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Grade school aged football

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posted on Aug, 7 2007 @ 05:53 PM
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At what point do the parent and coaches go overboard? When is it too much? When they jeer at the kids? When they get physical with the kids? I am sure that is agreed on! How about when children are excluded from playing at 7 years old, because they will not help the team win? Is that too much or it is just the game of football? At what age is exclusion ok. Life isn’t fair, that is a given. No one promised it would be. The same question presses though, at what age does winning take precedence over sportsmanship? At what age is a child written off as not worthy to play with a team?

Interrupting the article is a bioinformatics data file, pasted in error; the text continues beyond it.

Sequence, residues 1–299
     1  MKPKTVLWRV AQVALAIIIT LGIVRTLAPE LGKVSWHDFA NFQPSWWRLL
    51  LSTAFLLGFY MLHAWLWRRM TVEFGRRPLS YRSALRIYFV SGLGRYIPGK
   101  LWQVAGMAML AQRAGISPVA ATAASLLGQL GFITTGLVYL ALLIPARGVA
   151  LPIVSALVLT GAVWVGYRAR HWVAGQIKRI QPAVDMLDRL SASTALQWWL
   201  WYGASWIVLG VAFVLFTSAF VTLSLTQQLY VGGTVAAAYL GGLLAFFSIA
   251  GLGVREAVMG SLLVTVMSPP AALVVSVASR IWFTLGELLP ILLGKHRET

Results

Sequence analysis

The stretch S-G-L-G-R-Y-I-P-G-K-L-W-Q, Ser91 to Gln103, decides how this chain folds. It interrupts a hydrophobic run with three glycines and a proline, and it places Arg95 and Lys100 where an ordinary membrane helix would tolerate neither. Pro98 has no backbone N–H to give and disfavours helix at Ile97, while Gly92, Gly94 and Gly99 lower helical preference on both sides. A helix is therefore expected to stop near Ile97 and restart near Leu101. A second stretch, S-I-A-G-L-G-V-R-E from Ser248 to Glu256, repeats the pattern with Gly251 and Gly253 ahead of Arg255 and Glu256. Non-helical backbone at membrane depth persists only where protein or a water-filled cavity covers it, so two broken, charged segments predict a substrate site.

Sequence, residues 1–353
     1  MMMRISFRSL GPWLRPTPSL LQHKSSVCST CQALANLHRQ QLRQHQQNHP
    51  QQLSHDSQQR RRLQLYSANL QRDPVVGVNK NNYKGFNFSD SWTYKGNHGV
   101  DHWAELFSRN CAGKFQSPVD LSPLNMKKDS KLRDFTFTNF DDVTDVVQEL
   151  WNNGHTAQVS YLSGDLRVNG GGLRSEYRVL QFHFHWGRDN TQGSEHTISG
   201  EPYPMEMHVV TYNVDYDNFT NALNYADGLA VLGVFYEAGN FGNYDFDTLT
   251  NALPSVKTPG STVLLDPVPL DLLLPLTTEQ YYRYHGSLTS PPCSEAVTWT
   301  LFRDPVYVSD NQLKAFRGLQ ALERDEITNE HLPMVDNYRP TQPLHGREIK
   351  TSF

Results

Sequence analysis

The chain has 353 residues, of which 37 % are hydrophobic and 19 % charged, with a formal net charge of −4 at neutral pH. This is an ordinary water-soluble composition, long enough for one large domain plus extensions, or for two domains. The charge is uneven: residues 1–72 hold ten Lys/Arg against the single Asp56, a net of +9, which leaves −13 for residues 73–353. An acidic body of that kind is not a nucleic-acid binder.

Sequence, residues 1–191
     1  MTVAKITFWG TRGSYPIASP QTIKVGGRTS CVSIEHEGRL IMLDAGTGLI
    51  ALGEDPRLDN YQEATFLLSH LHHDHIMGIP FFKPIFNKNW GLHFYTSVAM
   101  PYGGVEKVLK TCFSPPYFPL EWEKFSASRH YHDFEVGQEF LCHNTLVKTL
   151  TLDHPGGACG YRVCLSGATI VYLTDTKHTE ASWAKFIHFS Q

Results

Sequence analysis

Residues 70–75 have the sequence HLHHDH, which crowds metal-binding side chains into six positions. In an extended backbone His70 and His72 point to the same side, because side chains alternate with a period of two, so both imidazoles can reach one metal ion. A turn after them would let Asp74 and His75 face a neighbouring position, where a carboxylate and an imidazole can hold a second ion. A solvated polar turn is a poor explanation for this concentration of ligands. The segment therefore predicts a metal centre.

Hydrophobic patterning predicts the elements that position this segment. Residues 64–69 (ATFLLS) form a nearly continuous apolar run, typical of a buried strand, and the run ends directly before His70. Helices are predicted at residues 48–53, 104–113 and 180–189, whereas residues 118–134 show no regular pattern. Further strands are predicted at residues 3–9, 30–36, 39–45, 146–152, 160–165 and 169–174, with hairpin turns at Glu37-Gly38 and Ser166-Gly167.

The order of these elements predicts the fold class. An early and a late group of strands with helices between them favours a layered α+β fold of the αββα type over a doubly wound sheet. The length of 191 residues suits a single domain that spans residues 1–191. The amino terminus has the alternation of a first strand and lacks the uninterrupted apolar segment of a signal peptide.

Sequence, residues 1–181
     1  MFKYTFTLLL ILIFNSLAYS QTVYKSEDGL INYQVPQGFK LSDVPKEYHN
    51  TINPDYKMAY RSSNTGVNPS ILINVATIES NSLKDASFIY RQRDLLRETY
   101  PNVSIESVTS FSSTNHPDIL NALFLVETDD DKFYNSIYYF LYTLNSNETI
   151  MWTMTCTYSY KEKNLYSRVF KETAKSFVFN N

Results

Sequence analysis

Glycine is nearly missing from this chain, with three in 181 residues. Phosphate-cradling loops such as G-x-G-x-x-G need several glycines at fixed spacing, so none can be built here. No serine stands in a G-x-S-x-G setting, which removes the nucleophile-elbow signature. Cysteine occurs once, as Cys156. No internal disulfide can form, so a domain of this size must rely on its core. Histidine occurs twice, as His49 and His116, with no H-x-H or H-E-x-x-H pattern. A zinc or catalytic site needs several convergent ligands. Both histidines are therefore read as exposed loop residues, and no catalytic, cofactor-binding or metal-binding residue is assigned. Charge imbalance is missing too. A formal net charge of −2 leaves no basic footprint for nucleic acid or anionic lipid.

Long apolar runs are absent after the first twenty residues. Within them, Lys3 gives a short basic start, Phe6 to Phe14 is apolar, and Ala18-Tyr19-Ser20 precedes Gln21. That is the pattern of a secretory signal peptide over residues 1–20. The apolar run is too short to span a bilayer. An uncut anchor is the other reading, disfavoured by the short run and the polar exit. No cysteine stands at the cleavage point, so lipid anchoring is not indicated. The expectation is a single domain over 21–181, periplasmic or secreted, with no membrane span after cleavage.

These are pressing questions for me as a mother. We played flag football last fall and I can’t say enough good things about the way it was ran. my son’s coach was great and my first football mom experience was a super one. All the kids played all the positions. And you know what? We still won! The parents were happy, the kids were happy, it was great. My son played basketball with Christian Basketball camp this summer and it was wonderful. Again, positive, supportive and he learned a lot. He won camper of the day one day and won a camper of the week award also. Anyone who has ever been to this camp knows what an honor both of these awards are.

I had originally planned for my son to play another year of flag football, as he is a small kid. Tough as nails, but scrawny. He begged me to let him play tackle. It was too late for our regular league, and a friend had mentioned the signups were still open at First Baptist Concord Church league. My first thoughts were that was great, a Christian based program would be ideal. I signed him up and picked up his pads and gear.